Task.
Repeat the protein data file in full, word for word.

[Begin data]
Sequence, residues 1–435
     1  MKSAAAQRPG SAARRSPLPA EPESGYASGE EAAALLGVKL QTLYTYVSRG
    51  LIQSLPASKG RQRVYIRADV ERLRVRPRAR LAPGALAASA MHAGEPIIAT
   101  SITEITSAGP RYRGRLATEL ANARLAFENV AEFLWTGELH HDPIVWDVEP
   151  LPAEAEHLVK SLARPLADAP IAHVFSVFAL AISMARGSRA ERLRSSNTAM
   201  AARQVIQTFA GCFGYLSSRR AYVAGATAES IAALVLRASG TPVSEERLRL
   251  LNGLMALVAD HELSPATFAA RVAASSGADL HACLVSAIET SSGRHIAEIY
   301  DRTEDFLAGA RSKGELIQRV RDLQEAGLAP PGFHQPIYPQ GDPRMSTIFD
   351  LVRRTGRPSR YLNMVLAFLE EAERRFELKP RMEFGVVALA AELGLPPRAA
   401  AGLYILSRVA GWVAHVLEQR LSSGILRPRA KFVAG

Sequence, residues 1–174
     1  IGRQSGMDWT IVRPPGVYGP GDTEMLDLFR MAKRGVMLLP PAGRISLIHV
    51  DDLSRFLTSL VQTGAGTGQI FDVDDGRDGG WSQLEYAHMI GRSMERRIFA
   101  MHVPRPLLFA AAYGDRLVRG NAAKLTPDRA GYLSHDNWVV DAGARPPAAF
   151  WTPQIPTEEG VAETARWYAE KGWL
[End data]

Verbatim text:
Sequence, residues 1–435
     1  MKSAAAQRPG SAARRSPLPA EPESGYASGE EAAALLGVKL QTLYTYVSRG
    51  LIQSLPASKG RQRVYIRADV ERLRVRPRAR LAPGALAASA MHAGEPIIAT
   101  SITEITSAGP RYRGRLATEL ANARLAFENV AEFLWTGELH HDPIVWDVEP
   151  LPAEAEHLVK SLARPLADAP IAHVFSVFAL AISMARGSRA ERLRSSNTAM
   201  AARQVIQTFA GCFGYLSSRR AYVAGATAES IAALVLRASG TPVSEERLRL
   251  LNGLMALVAD HELSPATFAA RVAASSGADL HACLVSAIET SSGRHIAEIY
   301  DRTEDFLAGA RSKGELIQRV RDLQEAGLAP PGFHQPIYPQ GDPRMSTIFD
   351  LVRRTGRPSR YLNMVLAFLE EAERRFELKP RMEFGVVALA AELGLPPRAA
   401  AGLYILSRVA GWVAHVLEQR LSSGILRPRA KFVAG

Sequence, residues 1–174
     1  IGRQSGMDWT IVRPPGVYGP GDTEMLDLFR MAKRGVMLLP PAGRISLIHV
    51  DDLSRFLTSL VQTGAGTGQI FDVDDGRDGG WSQLEYAHMI GRSMERRIFA
   101  MHVPRPLLFA AAYGDRLVRG NAAKLTPDRA GYLSHDNWVV DAGARPPAAF
   151  WTPQIPTEEG VAETARWYAE KGWL